Steven Wright Deserves to Start the All-Star Game for the American League

Steven Wright's first half has made him a viable contender to start the All-Star game for the American League.

The Major League Baseball All-Star Game has taken its fair share of criticism, from the laughable "this time it counts" campaign, to fans stuffing the ballot box trying to ensure that the entire roster of their favorite team is chosen (cough, Kansas City Royals fans, cough).

Letting fans control who gets selected to the game has created controversy as well, with debates over who got "snubbed" and who doesn't deserve to be there.

One player who definitely deserves to make the mid-summer classic is Steven Wright, starting pitcher for the Boston Red Sox.

As a knuckleballer, Wright doesn't fit the profile of what most fans likely envision an All-Star pitcher being. However, not only does he deserve to make the roster, but he should be in the running to start the game as well.

Royals manager Ned Yost will serve the same role for the American League in the All-Star game, and the decision of who will start on the mound will be his to make. He doesn't have an easy choice on his hands, but Wright should at the very least be on his short list of guys to pick from.

Wright started on the mound on Wednesday against the Baltimore Orioles and entered the game with the lowest ERA in the American League among qualified starting pitchers. He limited the Orioles to three runs on six hits in 7 1/3 innings, with four strikeouts to one walk, slightly increasing his ERA to 2.22 which is currently second-best in the AL to Danny Salazar.

Wright got the victory -- his fifth straight win -- and moved to 8-4 on the season. As a knuckleball pitcher, he doesn’t have big strikeout numbers, but his 20.3 strikeout percentage (K%) is just slightly below the current league average of 21.1 percent.

It doesn't mean his stuff isn't nasty, though. See for yourself what he did against the O's on Wednesday.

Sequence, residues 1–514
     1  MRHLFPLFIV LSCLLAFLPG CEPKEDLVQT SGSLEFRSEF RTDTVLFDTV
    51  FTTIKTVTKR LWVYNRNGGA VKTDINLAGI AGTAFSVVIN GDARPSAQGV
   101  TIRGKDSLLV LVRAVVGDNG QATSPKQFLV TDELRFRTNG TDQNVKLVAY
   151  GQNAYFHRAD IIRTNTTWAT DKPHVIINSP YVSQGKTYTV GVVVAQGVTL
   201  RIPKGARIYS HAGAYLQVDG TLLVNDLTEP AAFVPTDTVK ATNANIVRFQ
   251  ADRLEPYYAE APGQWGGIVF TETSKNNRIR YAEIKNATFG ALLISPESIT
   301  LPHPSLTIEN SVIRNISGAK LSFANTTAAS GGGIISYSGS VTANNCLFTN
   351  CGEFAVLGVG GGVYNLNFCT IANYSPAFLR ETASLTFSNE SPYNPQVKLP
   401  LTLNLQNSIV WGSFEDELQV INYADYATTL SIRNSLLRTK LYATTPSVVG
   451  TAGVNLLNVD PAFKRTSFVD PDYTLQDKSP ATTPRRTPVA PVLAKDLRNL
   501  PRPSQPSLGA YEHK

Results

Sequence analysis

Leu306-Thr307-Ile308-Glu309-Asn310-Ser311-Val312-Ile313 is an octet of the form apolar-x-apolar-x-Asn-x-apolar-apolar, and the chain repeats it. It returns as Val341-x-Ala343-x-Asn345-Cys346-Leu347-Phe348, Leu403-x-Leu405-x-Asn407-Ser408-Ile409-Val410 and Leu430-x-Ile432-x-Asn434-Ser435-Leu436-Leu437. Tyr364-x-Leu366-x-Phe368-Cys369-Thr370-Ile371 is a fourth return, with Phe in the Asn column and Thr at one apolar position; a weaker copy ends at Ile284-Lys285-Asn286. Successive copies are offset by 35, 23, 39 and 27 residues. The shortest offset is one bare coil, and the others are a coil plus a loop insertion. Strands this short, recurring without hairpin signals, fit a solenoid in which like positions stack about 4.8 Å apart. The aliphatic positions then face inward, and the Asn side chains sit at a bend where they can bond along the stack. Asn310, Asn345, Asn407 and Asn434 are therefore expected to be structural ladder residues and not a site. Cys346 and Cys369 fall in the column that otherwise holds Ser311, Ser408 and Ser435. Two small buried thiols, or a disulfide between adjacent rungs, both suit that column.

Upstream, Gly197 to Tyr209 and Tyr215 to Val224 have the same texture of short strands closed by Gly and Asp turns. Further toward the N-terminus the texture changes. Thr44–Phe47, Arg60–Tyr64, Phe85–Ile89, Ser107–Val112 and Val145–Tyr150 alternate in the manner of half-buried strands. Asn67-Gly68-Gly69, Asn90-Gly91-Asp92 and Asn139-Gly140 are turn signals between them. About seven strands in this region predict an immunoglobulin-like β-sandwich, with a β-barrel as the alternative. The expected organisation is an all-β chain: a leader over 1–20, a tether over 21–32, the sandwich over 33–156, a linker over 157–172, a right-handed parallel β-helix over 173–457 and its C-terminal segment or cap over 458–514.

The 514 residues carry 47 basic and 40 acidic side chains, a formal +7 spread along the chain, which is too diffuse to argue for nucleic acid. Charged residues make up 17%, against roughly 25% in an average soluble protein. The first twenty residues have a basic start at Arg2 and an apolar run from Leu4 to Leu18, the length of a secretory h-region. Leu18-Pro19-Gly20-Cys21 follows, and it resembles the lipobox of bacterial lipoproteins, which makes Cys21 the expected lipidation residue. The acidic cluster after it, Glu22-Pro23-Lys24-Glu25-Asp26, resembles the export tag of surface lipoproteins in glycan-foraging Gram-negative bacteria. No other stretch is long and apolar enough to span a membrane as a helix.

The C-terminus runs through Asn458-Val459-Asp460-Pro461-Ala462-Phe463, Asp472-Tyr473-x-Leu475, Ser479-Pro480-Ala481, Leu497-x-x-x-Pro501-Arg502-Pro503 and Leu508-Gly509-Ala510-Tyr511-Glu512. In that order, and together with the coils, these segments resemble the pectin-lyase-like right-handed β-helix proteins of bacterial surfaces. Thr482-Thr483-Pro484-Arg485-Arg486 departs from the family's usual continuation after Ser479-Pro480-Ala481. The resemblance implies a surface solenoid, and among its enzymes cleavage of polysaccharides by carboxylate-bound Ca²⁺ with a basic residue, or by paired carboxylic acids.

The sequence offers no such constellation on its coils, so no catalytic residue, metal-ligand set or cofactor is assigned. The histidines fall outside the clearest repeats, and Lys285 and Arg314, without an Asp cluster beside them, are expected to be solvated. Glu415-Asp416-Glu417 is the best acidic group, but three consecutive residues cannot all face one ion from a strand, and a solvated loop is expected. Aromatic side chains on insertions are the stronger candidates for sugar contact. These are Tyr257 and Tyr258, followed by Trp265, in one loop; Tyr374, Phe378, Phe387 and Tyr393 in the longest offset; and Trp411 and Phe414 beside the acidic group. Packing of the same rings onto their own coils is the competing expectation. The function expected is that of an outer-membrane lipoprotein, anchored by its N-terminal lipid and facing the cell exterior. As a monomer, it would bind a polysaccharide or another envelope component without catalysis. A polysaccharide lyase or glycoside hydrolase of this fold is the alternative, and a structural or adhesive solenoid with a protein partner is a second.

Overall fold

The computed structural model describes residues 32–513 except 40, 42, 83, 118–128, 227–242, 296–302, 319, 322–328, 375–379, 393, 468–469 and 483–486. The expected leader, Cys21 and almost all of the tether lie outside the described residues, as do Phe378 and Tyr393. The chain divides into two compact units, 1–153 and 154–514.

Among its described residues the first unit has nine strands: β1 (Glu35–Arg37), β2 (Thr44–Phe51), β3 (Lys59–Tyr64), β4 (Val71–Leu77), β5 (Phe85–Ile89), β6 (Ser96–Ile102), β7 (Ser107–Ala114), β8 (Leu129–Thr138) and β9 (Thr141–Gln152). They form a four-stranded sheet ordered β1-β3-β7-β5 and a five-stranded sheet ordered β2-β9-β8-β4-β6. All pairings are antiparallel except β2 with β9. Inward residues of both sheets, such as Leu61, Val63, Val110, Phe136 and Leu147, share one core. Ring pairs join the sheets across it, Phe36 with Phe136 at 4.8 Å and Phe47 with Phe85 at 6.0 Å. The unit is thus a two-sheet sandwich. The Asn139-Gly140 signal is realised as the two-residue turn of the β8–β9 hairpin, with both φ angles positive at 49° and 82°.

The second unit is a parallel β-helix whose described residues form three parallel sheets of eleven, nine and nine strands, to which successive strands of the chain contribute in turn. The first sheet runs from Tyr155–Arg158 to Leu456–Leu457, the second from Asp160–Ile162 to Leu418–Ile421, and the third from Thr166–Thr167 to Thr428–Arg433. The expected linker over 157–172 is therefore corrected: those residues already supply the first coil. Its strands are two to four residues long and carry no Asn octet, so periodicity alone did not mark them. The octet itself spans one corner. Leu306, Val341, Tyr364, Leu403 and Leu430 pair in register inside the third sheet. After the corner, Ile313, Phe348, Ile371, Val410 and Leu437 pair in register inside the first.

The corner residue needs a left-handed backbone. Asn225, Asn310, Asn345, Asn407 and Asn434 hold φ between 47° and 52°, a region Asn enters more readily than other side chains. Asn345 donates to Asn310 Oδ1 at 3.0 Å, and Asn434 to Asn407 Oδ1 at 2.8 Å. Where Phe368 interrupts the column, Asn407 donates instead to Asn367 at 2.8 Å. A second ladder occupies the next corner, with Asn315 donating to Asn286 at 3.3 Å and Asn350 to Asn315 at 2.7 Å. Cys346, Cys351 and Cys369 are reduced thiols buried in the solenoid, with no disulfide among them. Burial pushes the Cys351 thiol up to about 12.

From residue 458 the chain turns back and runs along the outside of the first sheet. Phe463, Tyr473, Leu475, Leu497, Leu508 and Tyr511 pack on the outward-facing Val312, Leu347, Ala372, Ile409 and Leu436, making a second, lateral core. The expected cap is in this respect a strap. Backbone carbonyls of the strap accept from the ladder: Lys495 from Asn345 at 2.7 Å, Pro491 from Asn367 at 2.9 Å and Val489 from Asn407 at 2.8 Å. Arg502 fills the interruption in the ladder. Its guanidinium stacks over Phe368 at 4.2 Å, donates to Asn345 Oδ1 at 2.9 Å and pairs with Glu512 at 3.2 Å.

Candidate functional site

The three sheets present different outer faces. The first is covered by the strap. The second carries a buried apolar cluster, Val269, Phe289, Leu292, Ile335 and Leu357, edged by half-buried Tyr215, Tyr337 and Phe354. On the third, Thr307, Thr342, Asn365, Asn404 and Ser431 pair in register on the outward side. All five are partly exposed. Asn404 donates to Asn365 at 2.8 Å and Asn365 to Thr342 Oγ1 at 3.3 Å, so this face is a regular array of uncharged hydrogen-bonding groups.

Opponents are hitting just .203 against Wright, which is third-best in the American League. And even when hitters do make contact, the ball tends to not go very far -- his 0.40 home runs allowed per nine innings is an American League best.

(Our own John Stolnis broke down Wright's season a few weeks ago, so check out what he said for a more in-depth look at Wright's numbers before we move on to his case to start the All-Star Game.)

Wright has a valid claim to start the All-Star Game, but lets see where he stacks up to five other American League pitchers having impressive seasons.

Pitcher IP ERA Wins K% Opp. BA HR/9 fWAR
Danny Salazar 74 2.19 7 29.8 0.180 0.61 1.9
Steven Wright 89 1/3 2.22 8 20.3 0.203 0.40 1.8
Marco Estrada 87 1/3 2.58 5 22.1 0.168 1.03 1.6
Jose Quintana 84 2/3 2.66 5 24.2 0.237 0.53 2.8
Chris Tillman 84 2/3 2.87 9 24.2 0.219 1.06 1.5
Chris Sale 98 2.94 11 24.0 0.217 1.01 2.3

This chart is in order based on the best ERA, led by Salazar, although he also has the fewest innings pitched of this bunch. As you can see, Wright's numbers matchup well among this group, especially in "traditional" categories like ERA and wins, things the masses look for.

He's also shown the ability to neutralize impressive offenses -- during his winning streak, he's beaten the Colorado Rockies, Orioles (twice), and Toronto Blue Jays, who rank 2nd, 5th, and 10th, respectively, in team wOBA.

There's still about a month until the All-Star game, meaning the numbers on this list are likely to change, but for the time being, Wright is more than worthy of consideration for the starting gig. And if he continues to pile up the wins and maintain a low ERA, he could even become the front runner.

If nothing else, it would be enjoyable to see him make some of the games best hitters look foolish, like he has done several times already this season.